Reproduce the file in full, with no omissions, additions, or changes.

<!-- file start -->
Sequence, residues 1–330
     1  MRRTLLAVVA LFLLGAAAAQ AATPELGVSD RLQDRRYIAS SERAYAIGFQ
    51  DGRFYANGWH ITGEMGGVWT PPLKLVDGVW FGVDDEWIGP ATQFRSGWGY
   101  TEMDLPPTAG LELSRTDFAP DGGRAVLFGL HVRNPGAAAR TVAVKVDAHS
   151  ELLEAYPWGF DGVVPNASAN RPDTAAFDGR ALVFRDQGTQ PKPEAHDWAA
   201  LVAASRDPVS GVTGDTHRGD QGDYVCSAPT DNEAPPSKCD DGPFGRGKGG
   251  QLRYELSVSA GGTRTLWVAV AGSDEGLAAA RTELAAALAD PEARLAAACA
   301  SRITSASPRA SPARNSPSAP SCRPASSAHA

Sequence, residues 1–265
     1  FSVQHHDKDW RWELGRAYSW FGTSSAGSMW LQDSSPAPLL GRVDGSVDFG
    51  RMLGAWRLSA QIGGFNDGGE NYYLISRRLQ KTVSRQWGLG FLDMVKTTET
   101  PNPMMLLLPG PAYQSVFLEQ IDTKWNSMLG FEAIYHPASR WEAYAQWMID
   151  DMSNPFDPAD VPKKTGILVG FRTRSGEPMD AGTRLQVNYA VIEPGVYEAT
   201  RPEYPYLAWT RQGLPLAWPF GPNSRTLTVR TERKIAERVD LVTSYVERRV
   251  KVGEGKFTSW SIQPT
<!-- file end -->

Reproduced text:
Sequence, residues 1–330
     1  MRRTLLAVVA LFLLGAAAAQ AATPELGVSD RLQDRRYIAS SERAYAIGFQ
    51  DGRFYANGWH ITGEMGGVWT PPLKLVDGVW FGVDDEWIGP ATQFRSGWGY
   101  TEMDLPPTAG LELSRTDFAP DGGRAVLFGL HVRNPGAAAR TVAVKVDAHS
   151  ELLEAYPWGF DGVVPNASAN RPDTAAFDGR ALVFRDQGTQ PKPEAHDWAA
   201  LVAASRDPVS GVTGDTHRGD QGDYVCSAPT DNEAPPSKCD DGPFGRGKGG
   251  QLRYELSVSA GGTRTLWVAV AGSDEGLAAA RTELAAALAD PEARLAAACA
   301  SRITSASPRA SPARNSPSAP SCRPASSAHA

Sequence, residues 1–265
     1  FSVQHHDKDW RWELGRAYSW FGTSSAGSMW LQDSSPAPLL GRVDGSVDFG
    51  RMLGAWRLSA QIGGFNDGGE NYYLISRRLQ KTVSRQWGLG FLDMVKTTET
   101  PNPMMLLLPG PAYQSVFLEQ IDTKWNSMLG FEAIYHPASR WEAYAQWMID
   151  DMSNPFDPAD VPKKTGILVG FRTRSGEPMD AGTRLQVNYA VIEPGVYEAT
   201  RPEYPYLAWT RQGLPLAWPF GPNSRTLTVR TERKIAERVD LVTSYVERRV
   251  KVGEGKFTSW SIQPT